I find the “ass-in-chair-and-fingers-to-keys” part is where a lot of people trip up because they learn very quickly that writing 1,500 words a day isn’t easy as it looks, and it rarely looks that easy to begin with. I know authors that can churn out 2,000 words every day that they write: I know authors who put down 200 words once and awhile. Writing is as personal in pace as it is in style, so the techniques that work for some may not work for all. 1,500 words a day is a skill you learn with time, and not a needed skill for finishing a novel.

“Writing books is easy. It’s only 50,000 words and I have the time.” To which I always sigh. These words always undercut two big parts about the novel.

1. Writing books is the most artistic form of torturing yourself over imaginary people and situations. There are easier ways to entertain yourself, I'll be honest with you.

2. Most books aren’t 50,000 words. We can talk about The Great Gatsby and minimal novel length all we want, but modern novels, especially in fantasy and science fiction, tend to go over the 100,000 word mark and well beyond it. Also, novels do not end after you put “The End” on your first draft. Editing can (and will) take up time.

One of the biggest issues I take with the NaNo mindset is that it’s used as a springboard to “get people writing” without giving people the proper disclaimer that writing doesn’t end or begin with writing itself. Between the planning, drafting, editing, and beta-reading, it’s taken near three years to finish my first novel and draft a second. A month of work stops being a meaningful thing when a project begins to span over years. That doesn’t discount the amazing free-fall of one month, but most writing projects expand well beyond that point, and I’ve watched so many new writers miss that.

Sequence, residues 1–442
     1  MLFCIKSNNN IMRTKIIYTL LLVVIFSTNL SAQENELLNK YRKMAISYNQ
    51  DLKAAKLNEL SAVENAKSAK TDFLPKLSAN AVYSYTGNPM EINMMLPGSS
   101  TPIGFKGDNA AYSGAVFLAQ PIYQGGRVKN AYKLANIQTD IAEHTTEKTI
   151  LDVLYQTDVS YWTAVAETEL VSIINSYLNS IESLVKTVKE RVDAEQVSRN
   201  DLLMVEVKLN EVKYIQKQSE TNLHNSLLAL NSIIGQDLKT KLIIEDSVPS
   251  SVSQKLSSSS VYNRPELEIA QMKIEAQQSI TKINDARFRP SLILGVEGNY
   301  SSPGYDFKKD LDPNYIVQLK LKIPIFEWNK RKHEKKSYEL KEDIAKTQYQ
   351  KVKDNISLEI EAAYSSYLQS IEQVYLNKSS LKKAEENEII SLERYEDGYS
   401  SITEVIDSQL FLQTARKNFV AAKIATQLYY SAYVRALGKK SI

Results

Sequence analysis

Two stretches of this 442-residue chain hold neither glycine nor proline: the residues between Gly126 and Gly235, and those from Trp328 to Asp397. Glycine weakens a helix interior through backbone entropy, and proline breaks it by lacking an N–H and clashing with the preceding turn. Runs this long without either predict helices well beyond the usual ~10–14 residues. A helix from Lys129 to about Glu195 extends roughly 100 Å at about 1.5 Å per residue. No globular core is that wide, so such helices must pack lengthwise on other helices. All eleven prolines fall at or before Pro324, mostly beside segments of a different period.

“I don’t need to make a plan though. I can wing it.” To which I will tell you no, no you can’t. Some of us can fly by the seat of our pants, but but most of us aren’t organized enough to finish a draft, much less in a month. This is the very mindset that fuels the essays written the night before their deadline, or the millions of half-baked romance e-novellas on Kindle: minimal effort for the same expected payoff. Prep and planning and time can mean the difference between dropping a draft at 5,000 words and pushing over 150,000 words (as much of a pain as the latter is to edit- better to have more than less). When we talk about these successful authors like Rowell or Meyer, who use NaNo to complete drafts, we should also recall that Rowell and Meyer are authors with previous experience. Authors who had several novels under their belt and a grasp of their style/voice. It almost sounds discouraging to use their works as banners for a project that’s targeted at fresh-faced writers. It sells and simplifies a process so much bigger than 50,000 words and a few nightly writing binges. A process that is rarely ever as rewarding or glamorous as the Rowlings and Martins of the world make it out to be. Most all of us can create, but being an actual author is a very different skill.